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They Met in Argentina

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They Met in Argentina
Directed byLeslie Goodwins
Jack Hively
Written byJerome Cady
Story byLou Brock
Produced byLou Brock
StarringMaureen O'Hara
James Ellison
CinematographyJ. Roy Hunt
Edited byDesmond Marquette
Music byRodgers and Hart
Production
company
Release date
  • April 25, 1941 (1941-04-25)[1]
Running time
77 minutes
CountryUnited States
LanguageEnglish
Budget$500,000[2]

They Met in Argentina is a 1941 American film directed by Leslie Goodwins and Jack Hively for RKO Pictures. Hively had to come in and finish the picture after Goodwins was hospitalized for pneumonia. Maureen O'Hara plays an Argentinian who falls in love with a Texan (James Ellison), who is attempting to buy a racehorse from her father. It was one of a number of Hollywood films from the 1940s produced to reflect America's "Good Neighbor policy" towards Latin American countries. They Met in Argentina was not well received by audiences, critics, or the Argentine government.

Plot

Tim Kelly (James Ellison) is a Texan in the oil business who travels to Argentina to bid for some land. When his bid is unsuccessful, he teams up with colleague Duke Ferrell (Buddy Ebsen) to buy their employer a successful racehorse, Lucero, in the hope that this will compensate for the failed bid. Tim falls in love with Lolita O'Shea (Maureen O'Hara), the daughter of the racehorse's owner, Don Enrique (Robert Barrat). Don Enrique is against selling Lucero, but when he realises his daughter is in love with Tim, he offers him the racehorse on the condition that he immediately returns to the USA. When Lolita realises Tim has left, she pursues him on horseback.[3]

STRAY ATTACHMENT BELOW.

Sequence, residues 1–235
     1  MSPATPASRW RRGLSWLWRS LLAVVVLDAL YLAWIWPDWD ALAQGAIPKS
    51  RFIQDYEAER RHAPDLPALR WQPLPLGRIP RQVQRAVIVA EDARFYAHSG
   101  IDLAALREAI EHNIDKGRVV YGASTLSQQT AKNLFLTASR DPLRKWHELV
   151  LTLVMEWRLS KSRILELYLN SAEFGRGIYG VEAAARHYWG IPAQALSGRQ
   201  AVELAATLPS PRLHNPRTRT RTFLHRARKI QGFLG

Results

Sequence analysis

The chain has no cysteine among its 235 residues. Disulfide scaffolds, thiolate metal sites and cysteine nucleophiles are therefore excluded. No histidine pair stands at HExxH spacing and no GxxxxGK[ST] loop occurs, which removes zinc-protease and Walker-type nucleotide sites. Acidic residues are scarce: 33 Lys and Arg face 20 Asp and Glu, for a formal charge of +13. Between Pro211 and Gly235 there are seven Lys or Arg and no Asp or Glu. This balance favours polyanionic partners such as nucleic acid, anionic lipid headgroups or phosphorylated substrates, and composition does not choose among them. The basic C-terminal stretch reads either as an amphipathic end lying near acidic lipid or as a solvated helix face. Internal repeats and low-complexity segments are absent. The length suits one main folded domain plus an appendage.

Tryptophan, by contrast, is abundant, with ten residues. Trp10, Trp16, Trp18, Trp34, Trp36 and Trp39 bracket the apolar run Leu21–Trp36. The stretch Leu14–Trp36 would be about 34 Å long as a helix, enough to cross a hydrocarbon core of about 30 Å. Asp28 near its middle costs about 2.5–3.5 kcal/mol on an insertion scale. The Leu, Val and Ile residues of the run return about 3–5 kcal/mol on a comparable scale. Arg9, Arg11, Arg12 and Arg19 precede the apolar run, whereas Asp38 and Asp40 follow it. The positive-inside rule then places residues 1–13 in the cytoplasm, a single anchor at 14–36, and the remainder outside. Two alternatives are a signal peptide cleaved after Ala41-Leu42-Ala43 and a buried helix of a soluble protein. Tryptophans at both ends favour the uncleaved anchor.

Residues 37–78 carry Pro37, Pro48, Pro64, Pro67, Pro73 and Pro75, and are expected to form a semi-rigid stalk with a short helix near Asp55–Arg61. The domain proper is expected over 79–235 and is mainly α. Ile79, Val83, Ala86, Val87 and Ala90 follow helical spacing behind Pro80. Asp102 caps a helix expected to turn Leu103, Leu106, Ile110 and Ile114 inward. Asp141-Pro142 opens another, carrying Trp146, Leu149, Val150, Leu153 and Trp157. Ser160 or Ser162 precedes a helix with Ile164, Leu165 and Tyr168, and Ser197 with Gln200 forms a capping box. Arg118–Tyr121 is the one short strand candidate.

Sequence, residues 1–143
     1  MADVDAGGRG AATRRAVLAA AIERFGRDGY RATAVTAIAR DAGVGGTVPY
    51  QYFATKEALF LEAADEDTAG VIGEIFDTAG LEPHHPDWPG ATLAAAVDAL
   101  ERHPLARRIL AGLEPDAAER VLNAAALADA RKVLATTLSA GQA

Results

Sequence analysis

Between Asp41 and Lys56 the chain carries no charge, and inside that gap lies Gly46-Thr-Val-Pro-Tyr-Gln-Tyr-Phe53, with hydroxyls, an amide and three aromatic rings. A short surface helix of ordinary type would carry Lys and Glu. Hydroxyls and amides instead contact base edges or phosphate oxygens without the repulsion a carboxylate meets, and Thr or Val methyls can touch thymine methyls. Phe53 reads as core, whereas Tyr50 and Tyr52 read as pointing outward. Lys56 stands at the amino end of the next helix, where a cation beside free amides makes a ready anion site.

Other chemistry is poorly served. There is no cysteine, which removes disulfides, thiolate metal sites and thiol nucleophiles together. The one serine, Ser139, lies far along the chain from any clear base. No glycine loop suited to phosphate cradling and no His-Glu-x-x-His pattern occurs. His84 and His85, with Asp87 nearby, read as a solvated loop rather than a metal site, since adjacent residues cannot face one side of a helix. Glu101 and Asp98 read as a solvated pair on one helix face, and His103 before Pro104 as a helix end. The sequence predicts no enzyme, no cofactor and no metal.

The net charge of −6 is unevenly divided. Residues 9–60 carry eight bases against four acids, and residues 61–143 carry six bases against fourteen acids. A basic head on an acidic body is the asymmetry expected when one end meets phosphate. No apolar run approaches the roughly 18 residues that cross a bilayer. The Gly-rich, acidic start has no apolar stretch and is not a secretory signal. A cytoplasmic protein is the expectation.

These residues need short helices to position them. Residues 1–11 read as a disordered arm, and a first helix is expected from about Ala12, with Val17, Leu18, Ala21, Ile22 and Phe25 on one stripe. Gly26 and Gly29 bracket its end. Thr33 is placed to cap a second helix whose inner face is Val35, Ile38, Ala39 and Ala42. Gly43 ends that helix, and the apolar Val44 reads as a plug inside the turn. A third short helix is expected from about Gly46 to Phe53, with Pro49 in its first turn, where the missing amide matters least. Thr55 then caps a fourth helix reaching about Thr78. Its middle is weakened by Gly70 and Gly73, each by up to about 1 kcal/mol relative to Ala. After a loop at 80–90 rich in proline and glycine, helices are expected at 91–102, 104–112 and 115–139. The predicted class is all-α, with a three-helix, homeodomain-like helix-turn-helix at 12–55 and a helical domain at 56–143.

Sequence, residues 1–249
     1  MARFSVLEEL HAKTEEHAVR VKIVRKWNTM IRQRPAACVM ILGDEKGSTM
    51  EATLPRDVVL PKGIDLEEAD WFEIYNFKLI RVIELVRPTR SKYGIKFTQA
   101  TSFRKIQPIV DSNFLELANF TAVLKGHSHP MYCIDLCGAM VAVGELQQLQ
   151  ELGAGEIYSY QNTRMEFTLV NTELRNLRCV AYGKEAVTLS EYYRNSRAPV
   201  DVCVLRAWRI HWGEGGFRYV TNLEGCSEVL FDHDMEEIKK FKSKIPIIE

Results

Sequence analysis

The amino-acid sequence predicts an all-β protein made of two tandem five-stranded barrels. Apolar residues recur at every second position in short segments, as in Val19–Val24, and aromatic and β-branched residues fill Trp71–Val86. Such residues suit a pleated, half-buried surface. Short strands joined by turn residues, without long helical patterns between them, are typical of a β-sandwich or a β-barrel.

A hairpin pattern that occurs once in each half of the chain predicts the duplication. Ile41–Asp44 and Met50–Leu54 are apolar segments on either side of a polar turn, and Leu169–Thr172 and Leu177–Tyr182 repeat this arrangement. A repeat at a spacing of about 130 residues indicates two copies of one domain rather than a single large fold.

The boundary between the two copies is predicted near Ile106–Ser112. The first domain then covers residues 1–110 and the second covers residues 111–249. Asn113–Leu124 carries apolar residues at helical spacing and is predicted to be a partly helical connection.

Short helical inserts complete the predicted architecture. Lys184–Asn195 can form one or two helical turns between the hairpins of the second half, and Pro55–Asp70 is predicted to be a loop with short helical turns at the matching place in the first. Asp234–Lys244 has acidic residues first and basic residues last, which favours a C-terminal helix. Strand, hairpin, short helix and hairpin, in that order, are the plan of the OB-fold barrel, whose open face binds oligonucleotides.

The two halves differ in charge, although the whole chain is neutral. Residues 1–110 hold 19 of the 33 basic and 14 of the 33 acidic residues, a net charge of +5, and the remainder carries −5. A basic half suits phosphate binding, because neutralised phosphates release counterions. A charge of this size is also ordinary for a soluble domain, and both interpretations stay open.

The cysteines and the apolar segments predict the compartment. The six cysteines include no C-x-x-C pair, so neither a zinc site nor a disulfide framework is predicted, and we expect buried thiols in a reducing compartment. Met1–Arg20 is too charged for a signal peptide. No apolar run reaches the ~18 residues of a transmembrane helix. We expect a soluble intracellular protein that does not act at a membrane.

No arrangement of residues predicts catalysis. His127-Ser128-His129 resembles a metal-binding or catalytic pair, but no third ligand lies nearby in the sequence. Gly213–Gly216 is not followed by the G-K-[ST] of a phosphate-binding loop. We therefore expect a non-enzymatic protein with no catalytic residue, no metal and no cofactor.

Cast

Background and production

In the early 1940s, Hollywood studios produced a number of films which reflected America's "Good Neighbor policy" towards Latin America; They Met in Argentina was one of RKO Pictures' contributions. With these films set in Latin American countries, the studios hoped to both attract an audience in Latin America and to increase popular interest in the region among a North American audience. Other films of this nature included the Twentieth-Century Fox productions Down Argentine Way (1940) and Blood and Sand (1941).[4]

They Met in Argentina was based on a story by Lou Brock, who was also the film's producer. Brock approached Rodgers and Hart to score the production. The pair wrote 12 songs in total, although only 7 of them were included in the final cut.[5] The songs featured in the soundtrack are "You've Got the Best of Me", "North America Meets South America", "Amarillo", "Lolita", "Cutting the Cane", "Never Go To Argentina" and "Simpatica".[6] The dance sequences were choreographed by Frank Veloz.[7]

When Goodwins was hospitalized for pneumonia during production, RKO brought in veteran director Jack Hively to replace him and finish the film.[1]

Reception

Box office

The film fared poorly in cinemas, and made a loss of $270,000.[2]

Critical

The film received negative reviews from critics, with Robert Dana in the New York Herald Tribune describing it as "an American musical at its worst".[5] Film critic Leonard Maltin later described it as a "dismal musical".[3] The Argentine government spoke out against the distribution of the film in Latin America.[8]

References

  1. ^ a b "They Met in Argentina: Detail View". American Film Institute. Retrieved April 13, 2014.
  2. ^ a b Jewell, Richard B. (2012). RKO Radio Pictures: A Titan Is Born. University of California Press. p. 158. ISBN 978-0-520-27178-4.
  3. ^ a b "They Met in Argentina (1941) - Overview". TCM Movie Database. Retrieved 12 November 2012.
  4. ^ Schatz, Thomas (1999). Boom and Bust: American Cinema in the 1940s. University of California Press. p. 25. ISBN 978-0-520-22130-7.
  5. ^ a b Nolan, Frederick W. (1995). Lorenz Hart: A Poet on Broadway. Oxford University Press. p. 284. ISBN 978-0-19-510289-5.
  6. ^ Hemming, Roy (1999). The Melody Lingers on: The Great Songwriters and Their Movie Musicals. Newmarket Press. p. 250. ISBN 978-1-55704-380-1.
  7. ^ Cullen, Frank (2007). Vaudeville, Old and New: An Encyclopedia of Variety Performers in America. Psychology Press. p. 1157. ISBN 978-0-415-93853-2.
  8. ^ Block, Geoffrey (2006). The Richard Rodgers Reader. Oxford University Press. p. 76. ISBN 978-0-19-531343-7.
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